Latter-day Saints to celebrate pioneer heritage Monday

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MOSES LAKE — On July 24, members of The Church of Jesus Christ of Latter-day Saints will celebrate the 170th anniversary of the early Mormon pioneers entering the Salt Lake, Utah, Valley. Earlier this month, to honor their forebears, about 270 youth from the Moses Lake Stake of the Church donned pioneer garb and pushed and pulled pioneer-style handcarts near Cle Elum, Wash., over a three-day handcart trek reenactment.

Sleeping under the same stars their ancestors followed west, the youth also experienced the sweltering heat, fatigue, blisters, and many other trials and hardships the early pioneers faced, over the 25-mile trek. Well over a century earlier, between 1847 and 1868, immigrants from Europe and members of the church living in the Eastern and Midwestern United States moved westward to the mountains of Utah in a complicated, yet coordinated mass migration, known as the Mormon Exodus.

After several years of wagon trains, church leaders realized that small, two-wheeled handcarts would significantly cut the expense of traveling by horse or oxen. Many of the early converts to the church, with strong faith, but very little means, took to the faster, lighter mode of travel. From 1856 to 1860, 3,000 men, women and children, in 10 companies made the journey to the Salt Lake Valley by handcart. These Mormon pioneers have become an important symbol in LDS culture, representing the faithfulness, dedication, and sacrifice of early generations.

The original pioneers were allotted only 17 pounds of clothing, bedding, utensils, and provisions per person, and traveled about 15-20 miles per day to accomplish the 1,300-mile journey west, from Illinois to Utah. These Moses Lake pioneers were organized into roughly 30 “families,” with a “Ma” and “Pa” heading up each handcart, and pulled up mountains, pushed through meadows, and crossed over rivers. They played pioneer period games and activities, and ate authentic food, including beef jerky, parched corn, frybread, quail, and buffalo meat.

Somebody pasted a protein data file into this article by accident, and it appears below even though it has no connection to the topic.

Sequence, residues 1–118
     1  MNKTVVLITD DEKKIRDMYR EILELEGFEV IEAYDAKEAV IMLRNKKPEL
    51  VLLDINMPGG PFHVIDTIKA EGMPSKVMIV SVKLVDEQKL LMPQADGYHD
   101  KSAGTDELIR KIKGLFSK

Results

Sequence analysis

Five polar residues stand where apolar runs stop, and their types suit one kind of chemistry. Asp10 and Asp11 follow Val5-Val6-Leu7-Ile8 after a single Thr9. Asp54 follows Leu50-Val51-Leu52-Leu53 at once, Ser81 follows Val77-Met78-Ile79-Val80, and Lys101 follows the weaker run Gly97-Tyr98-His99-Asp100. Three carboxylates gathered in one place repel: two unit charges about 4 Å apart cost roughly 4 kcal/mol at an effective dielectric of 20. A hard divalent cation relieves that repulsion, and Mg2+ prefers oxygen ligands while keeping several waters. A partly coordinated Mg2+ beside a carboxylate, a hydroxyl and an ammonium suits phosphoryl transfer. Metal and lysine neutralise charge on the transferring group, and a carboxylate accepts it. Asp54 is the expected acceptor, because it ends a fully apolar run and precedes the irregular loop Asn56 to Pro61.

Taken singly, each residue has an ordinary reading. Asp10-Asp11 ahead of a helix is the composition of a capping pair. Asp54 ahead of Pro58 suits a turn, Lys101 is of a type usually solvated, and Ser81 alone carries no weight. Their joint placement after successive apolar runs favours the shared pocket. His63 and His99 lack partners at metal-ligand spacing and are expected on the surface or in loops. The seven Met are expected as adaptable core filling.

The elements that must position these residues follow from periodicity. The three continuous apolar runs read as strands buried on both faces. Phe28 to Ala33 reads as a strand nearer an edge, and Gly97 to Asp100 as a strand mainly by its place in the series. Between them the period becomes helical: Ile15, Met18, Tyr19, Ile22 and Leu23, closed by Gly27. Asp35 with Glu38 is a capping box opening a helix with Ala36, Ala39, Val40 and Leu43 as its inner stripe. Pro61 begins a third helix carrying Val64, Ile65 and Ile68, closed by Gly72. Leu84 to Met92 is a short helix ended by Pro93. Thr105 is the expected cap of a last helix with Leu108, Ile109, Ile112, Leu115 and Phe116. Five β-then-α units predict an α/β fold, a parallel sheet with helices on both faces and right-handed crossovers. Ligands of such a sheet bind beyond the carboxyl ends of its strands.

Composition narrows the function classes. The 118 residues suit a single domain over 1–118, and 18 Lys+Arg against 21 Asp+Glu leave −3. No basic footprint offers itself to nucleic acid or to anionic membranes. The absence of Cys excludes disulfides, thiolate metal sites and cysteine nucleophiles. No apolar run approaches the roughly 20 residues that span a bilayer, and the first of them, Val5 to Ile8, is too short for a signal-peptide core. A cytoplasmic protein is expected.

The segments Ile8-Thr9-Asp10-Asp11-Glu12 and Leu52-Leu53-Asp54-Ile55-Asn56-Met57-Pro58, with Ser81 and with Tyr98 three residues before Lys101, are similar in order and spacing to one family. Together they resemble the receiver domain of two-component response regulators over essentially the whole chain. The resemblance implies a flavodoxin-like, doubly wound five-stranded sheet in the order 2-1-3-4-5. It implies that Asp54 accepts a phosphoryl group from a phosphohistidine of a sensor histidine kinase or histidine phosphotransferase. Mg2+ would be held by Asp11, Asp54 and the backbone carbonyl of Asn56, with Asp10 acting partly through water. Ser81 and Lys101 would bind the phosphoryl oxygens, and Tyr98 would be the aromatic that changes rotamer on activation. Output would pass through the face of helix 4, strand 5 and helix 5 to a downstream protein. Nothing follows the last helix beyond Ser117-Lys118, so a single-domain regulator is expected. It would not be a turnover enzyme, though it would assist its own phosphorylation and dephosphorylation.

One “Ma” wrote: “I felt like I was stepping back in time, dressed in pioneer clothing, cooking in Dutch ovens, and sleeping on the ground. It was almost too much. We pushed on despite the challenges and difficulties. This gave just a taste of what the early pioneer Saints endured when they were originally driven from their homes. It’s hard to imagine three months of obtaining clean water, lack of food, extreme weather, and illness without modern medicine and always on the move. During this trek we learned to rely on God and our faith. We learned for ourselves the faith necessary to travel with our families across the Western United States. Our appreciation for those early pioneers and everything in our comfortable lives has deepened and grown.”

Another trekker reported: “We’re feeling a deeper connection to our ancestors, Mormon and non-Mormon, and the hard things they did to make a better life for us. Our ‘family’ felt that walking so far and cooking and sleeping outdoors was the most difficult physical thing they’ve ever had to do. In doing so, we felt a sense of accomplishment that can carry over to other difficulties in life. I think many felt our connection and dependence upon God deepen and strengthen. We saw how profoundly important it was for everyone to work together for a common goal. When everyone was pushing, even a little, things went easier.”

The Moses Lake LDS Stake is comprised of 12 geographic wards. The Pioneer Day commemoration will conclude on Saturday, July 22, 2017, at 5 p.m. at the LDS Grape Drive chapel. All are invited to attend.

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